Disney Releases New ‘The Lion King’ Trailer; Movie In Theaters July 19
06:00 AM KDKA-TV Morning News at 6AM 07:00 AM CBS This Morning 10:00 AM Let’s Make a Deal 11:00 AM The Price Is Right Disney Releases New ‘The Lion King’ Trailer; Movie In Theaters July 19 April 10, 2019 at 11:32 am Filed Under: Disney , Lion King , Movies
(CBS Local) — A new trailer for the live action Disney movie “The Lion King” was released Wednesday.
Although it’s not the first trailer released for the movie, in this trailer you can hear the characters talk.
The highly-anticipated Disney movie will be released in theaters this summer. The company has been releasing live action version of its classic animated movies — including Cinderella and Beauty and the Beast.
The live action movie Dumbo was released March 29 and Aladdin will be released May 24.
The Lion King will be in theaters on July 19.
Fire, water and astronomy: Aboriginal and Torres Strait Islander culture comes to life in the classroom | Opinion
School children should go out into the world with a respect for the first peoples of Australia and all they have achieved. M ost Aboriginal and Torres Strait Islander parents, grandparents and great grandparents have a burning desire for their young people to learn in school about their cultures and achievements, and feel proud of them. They want Australian children, especially Indigenous children, to know that contemporary Aboriginal and Torres Strait Islander communities are strong, resilient, rich and diverse. They also want other Australia children to learn about our cultures, societies and history so that they go out into the world with a respect for the first peoples of Australia and everything they have achieved.
The history of humanity is less than 300,000 years old. Not only archaeological research but also genetic research has revealed a great deal about the spread of our species, homo homo sapiens, around the globe. As questions about the sustainability of human systems and natural environments become the key challenges globally, the realisation has dawned on environmental thinkers that Indigenous populations lived in parts of this continent for at least 65,000 years, adapting and innovating as they witnessed an Ice Age, the disappearance of the megafauna, the rising of the seas, the drying-up of the continent.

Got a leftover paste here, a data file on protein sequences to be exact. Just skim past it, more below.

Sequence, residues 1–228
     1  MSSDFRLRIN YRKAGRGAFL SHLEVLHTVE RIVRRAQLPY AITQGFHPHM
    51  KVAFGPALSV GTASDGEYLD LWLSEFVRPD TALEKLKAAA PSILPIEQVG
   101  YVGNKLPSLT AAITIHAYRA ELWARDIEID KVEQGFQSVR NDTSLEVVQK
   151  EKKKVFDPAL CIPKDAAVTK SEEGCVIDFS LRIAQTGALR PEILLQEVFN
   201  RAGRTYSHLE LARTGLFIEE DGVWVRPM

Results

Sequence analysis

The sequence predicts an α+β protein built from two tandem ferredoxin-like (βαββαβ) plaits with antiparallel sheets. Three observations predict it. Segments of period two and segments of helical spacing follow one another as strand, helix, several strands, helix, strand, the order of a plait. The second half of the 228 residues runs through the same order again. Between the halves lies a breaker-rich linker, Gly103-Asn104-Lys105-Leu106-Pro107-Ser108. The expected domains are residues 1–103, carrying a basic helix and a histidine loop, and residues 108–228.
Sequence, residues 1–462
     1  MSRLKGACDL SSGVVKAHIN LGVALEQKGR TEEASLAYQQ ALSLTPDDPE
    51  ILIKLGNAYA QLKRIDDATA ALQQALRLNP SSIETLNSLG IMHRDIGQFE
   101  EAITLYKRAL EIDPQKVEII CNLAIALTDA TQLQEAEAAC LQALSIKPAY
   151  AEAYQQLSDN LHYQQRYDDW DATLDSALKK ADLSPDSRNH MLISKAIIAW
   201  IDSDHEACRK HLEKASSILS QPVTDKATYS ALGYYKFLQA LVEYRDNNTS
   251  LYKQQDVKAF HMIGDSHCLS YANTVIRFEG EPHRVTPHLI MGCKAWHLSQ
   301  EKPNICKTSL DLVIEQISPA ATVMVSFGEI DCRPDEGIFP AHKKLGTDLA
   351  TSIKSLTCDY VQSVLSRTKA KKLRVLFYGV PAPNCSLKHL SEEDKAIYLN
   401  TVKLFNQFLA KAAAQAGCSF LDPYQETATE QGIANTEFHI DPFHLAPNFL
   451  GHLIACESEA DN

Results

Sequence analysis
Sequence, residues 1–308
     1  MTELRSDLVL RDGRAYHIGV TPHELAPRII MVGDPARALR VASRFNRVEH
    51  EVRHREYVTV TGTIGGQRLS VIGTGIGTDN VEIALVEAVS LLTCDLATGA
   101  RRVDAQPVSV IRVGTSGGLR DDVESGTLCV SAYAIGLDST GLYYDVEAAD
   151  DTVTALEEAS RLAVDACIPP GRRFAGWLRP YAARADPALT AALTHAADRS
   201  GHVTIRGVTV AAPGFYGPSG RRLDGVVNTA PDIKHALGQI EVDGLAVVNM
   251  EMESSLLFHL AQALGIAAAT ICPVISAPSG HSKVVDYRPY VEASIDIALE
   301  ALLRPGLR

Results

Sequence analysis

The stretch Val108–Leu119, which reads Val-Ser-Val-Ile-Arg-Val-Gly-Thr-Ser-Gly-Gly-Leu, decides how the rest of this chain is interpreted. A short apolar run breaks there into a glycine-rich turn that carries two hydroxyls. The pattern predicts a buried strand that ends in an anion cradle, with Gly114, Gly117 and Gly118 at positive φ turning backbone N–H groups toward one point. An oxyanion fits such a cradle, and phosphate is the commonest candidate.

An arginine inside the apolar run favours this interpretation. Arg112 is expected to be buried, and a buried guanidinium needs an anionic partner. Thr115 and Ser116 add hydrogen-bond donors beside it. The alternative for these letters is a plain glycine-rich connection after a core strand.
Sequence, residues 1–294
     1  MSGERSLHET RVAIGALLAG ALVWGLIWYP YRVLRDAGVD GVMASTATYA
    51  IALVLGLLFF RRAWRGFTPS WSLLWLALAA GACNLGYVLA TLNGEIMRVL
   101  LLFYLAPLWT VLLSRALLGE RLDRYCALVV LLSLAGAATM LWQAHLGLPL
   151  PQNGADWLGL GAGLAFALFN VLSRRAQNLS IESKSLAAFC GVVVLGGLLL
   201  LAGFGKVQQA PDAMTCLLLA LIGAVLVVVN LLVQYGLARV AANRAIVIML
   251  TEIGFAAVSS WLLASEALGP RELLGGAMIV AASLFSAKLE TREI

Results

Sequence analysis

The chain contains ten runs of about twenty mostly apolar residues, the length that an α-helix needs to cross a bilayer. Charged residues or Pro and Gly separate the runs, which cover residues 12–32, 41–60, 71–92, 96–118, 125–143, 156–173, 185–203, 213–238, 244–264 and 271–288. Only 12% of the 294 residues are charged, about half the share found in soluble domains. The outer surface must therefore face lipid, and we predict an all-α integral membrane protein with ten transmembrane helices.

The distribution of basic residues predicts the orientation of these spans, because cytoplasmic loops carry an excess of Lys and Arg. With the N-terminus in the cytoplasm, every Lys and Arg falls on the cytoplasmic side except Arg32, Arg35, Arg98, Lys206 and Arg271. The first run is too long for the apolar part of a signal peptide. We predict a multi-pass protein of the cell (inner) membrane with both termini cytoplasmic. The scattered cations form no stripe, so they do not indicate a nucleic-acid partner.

There is more to Aboriginal education than dot paintings and didgeridoos | Lesley Woodhouse Read more
The Aboriginal history of continuous occupation of this continent over more than 60 millennia represents a fifth of the total of human history and the evidence of it should be regarded as a world cultural and scientific treasure.
Because of the profoundly important discoveries such as those of Associate Prof Chris Clarkson and his fellow archaeologists, we know that human history on this continent began at least 60 millennia before Lieutenant Arthur Phillip and the First Fleet arrived. Moreover, because of the knowledge of human economic activity that Bruce Pascoe and Bill Gammage reveal in Dark Emu and The Biggest Estate on Earth, the impact of the hundreds of generations of the first peoples who lived here before the British came is critical to understanding the places where Australians live today. We know from their accounts, based on fascinating evidence, that Aboriginal and Torres Strait Islanders produced food with unique agricultural and aquaculture methods, they created material culture and toolkits that were ingenious and appropriate to their lifestyles and environments, they managed the land through changes in climate and geography, including an ice age and significant sea level changes, and developed artistic and design traditions and legal, religious and social institutions of great subtlety and beauty. There were extensive trade routes that criss-crossed the country, some still used today. The evidence of this is all around us today, much of it still practised and preserved, and increasingly better understood. Books, films, documentaries, art exhibitions, cultural festivals, music, theatrical and dance performances, and the ongoing ceremonial and ritual activities have made this available to a global audience.